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  • Writer's pictureEthan F

Article about Ethan in Rhodes College Magazine in 2019 that Started it All

At TEDxMemphis, Ethan Ferguson '22 Talks on Education, Emerging Technologies, and His Tech Startup

MAY 23, 2019

Native Memphian and Rhodes first-year student Ethan Ferguson shared his passion for Memphis, technology, and education on the TEDxMemphis stage this spring semester. Speaking to the theme “Ideas for the Next Century,” Ferguson explained how the work that his tech startup, Augseption XR, does in the classrooms of Shelby County Schools and with Memphis companies is helping create a more informed digital society. Ferguson’s passion for education and education reform in Memphis was the catalyst for Augseption, which he founded while still a student at Lausanne Collegiate School. In the classroom, Augseption provides extensive technology education to high school students and introduces them to cutting-edge concepts such as coding, virtual and augmented reality, and holograms; in the community, the company offers a custom software development service to a host of local companies.

One of Ferguson’s goals with Augseption is to connect the students of Memphis with the working world. “Something that students in Memphis don’t really have is the opportunity to work on real projects. The companies I work with typically want custom-built software, and if I’m helping develop an idea for a corporation or a nonprofit that would be good for an educational lesson, I can give portions of it to the students to work on,” says Ferguson. “My TED Talk was about the amazing things my students are doing in the community using the advanced technologies they’re learning in the classroom. Empowering students to use these new technologies gives students job opportunities down the line and makes them more attractive to colleges. By providing this tiny little drop in the bucket, I feel that I’ve provided inspiration.”

Ferguson met Anne Marie Burgoyne (on left) and Laurene Powell Jobs at the TEDxMemphis event, where they discussed the future of STEM education and gave him TED Talk advice. Burgoyne is the director and Powell Jobs the founder and chair of Emerson Collective, an organization that supports, among other causes, social entrepreneurs and organizations working in education, including XQ: The Super School Project, which Powell Jobs co-founded in 2015 with Russlyn Ali.

The impetus for Augseption came about in 2015, when Ferguson became involved in XQ: The Super School Project. Launched by Russlynn Ali, former assistant secretary of education for civil rights under President Barack Obama, and Laurene Powell Jobs, the president of Emerson Collective, XQ was an open call for creative ideas to transform America’s high schools. When Ferguson’s 10th grade English teacher invited him to help “design a high school while in high school,” Ferguson realized that he had both the privilege and the resources to make an important impact on the Memphis education system. “As students, we are stuck on the student side of the curtain. To step over to the other side and see the perspective from the teacher’s point of view does amazing things for you,” he says. Ferguson was on the original team that helped create Crosstown High, a charter school that launched in August 2018 and is one of only 18 schools nationwide designated an XQ Super School. Crosstown High is located in Crosstown Concourse, a former Sears store and distribution center in Midtown Memphis that has undergone a massive, community-driven transformation in the last few years. In August 2017, Ferguson and the Crosstown High team helped the school secure a $2.5 million grant from XQ, to be awarded over five years. Ferguson is now the digital learning specialist at Crosstown High, in charge of budgeting and implementing three digital media labs in the school. He also teaches part-time during the school day and runs after-school sessions, making him not only the youngest, but the longest-serving, member of the school’s faculty. Although Crosstown High is the focus of most of Augseption’s educational work, the company is also present in Whitehaven Elementary School STEM classes and runs professional development sessions across the Mid-South.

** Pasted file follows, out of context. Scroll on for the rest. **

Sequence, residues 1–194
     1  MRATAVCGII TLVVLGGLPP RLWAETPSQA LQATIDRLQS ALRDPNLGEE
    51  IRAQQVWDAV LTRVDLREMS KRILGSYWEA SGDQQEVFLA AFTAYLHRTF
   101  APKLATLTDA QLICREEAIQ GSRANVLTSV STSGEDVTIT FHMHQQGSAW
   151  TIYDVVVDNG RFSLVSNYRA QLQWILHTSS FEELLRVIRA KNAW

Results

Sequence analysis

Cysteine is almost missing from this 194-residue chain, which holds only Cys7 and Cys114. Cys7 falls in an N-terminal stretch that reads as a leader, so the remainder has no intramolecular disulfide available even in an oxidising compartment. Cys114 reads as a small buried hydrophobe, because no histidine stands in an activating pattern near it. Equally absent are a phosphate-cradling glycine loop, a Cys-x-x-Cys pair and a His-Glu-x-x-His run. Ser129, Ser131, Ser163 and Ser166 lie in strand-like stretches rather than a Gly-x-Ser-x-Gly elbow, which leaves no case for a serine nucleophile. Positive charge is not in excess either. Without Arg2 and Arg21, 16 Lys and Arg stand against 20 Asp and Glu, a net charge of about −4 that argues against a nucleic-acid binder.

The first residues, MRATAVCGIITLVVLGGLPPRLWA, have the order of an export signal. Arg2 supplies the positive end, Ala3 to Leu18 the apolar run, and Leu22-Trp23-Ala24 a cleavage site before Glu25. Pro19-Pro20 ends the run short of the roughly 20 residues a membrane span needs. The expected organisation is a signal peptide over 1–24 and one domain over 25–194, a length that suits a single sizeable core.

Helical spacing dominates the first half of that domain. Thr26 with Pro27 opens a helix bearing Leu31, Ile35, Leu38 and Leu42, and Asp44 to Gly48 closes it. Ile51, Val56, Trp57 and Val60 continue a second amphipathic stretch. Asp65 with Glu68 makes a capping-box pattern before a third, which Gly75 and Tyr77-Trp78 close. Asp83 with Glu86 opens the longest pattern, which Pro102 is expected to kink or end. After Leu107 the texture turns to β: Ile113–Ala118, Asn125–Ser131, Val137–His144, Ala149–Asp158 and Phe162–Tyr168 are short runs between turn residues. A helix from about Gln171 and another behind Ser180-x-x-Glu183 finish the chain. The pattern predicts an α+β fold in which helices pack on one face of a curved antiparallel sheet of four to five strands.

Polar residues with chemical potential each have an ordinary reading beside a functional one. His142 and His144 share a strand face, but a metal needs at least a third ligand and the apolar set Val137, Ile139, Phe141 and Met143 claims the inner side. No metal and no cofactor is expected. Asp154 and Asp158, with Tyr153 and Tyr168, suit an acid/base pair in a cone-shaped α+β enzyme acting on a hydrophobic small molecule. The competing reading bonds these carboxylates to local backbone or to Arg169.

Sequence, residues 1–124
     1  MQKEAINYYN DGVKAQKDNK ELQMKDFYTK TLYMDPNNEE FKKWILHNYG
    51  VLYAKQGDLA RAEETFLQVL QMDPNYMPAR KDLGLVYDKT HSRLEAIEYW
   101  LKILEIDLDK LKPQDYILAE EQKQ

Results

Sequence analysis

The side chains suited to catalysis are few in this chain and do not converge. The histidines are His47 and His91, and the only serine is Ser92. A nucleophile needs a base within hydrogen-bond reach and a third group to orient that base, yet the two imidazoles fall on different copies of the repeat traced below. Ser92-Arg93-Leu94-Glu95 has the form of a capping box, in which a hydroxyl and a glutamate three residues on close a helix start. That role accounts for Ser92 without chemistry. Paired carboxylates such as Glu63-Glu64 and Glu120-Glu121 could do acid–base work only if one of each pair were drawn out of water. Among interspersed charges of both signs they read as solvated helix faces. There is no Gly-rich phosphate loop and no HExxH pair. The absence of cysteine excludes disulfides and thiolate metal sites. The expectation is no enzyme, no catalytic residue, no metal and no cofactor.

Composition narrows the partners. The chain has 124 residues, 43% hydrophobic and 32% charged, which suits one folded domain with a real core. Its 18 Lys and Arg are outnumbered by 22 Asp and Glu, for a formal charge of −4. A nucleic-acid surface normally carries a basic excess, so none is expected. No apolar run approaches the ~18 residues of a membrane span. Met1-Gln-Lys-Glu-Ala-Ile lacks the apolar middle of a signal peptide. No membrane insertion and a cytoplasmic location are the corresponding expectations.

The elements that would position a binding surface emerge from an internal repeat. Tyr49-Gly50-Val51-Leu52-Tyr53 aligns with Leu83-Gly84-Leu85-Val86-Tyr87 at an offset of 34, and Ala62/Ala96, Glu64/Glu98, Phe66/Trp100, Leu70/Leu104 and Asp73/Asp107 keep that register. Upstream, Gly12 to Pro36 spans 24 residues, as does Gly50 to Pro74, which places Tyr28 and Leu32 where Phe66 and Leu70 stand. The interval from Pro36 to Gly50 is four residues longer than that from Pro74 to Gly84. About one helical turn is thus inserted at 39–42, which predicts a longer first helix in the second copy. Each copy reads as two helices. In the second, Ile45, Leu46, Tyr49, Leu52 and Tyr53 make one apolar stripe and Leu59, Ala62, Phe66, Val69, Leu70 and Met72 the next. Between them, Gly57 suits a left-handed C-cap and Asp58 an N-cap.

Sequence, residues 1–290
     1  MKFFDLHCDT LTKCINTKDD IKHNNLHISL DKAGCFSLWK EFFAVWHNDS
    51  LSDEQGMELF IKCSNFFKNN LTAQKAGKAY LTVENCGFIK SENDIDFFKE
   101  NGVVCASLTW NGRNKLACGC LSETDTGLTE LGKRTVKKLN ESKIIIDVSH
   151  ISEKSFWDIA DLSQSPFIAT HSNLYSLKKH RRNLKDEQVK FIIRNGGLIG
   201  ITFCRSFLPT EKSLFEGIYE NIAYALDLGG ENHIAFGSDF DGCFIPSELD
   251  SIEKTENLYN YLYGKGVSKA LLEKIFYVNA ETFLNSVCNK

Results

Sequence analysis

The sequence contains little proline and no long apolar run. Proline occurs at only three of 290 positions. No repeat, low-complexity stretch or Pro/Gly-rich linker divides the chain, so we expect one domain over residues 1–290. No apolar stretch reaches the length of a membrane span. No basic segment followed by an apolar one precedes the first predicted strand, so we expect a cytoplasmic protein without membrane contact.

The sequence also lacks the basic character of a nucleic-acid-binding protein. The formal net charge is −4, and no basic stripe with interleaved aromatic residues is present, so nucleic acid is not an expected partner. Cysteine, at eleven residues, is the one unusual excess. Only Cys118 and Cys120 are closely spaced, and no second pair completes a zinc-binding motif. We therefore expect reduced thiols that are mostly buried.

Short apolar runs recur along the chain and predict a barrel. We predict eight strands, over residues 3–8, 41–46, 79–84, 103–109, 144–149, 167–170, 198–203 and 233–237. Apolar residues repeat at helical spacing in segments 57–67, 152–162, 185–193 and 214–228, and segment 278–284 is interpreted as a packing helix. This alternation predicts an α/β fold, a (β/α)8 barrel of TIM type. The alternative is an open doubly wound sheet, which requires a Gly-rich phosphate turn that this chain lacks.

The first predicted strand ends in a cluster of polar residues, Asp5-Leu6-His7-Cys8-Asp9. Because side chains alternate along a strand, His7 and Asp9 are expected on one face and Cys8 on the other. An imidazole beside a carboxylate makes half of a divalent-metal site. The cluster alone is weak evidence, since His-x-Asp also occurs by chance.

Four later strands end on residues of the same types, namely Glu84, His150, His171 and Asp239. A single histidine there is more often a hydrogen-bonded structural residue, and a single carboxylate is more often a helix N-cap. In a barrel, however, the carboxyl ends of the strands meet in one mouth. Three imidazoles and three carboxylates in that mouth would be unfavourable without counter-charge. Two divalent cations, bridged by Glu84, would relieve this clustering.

“New tech—such as working with holograms or advances in artificial intelligence—is coming, and the rules aren’t written yet,” says Ferguson. “When we as a society encounter these new technologies, we’re going to run into all kinds of different problems, but we can preempt that by becoming a better-informed society through tech education. That’s what I hope to do in Memphis with educators and local companies.” By Grace Merriman '21

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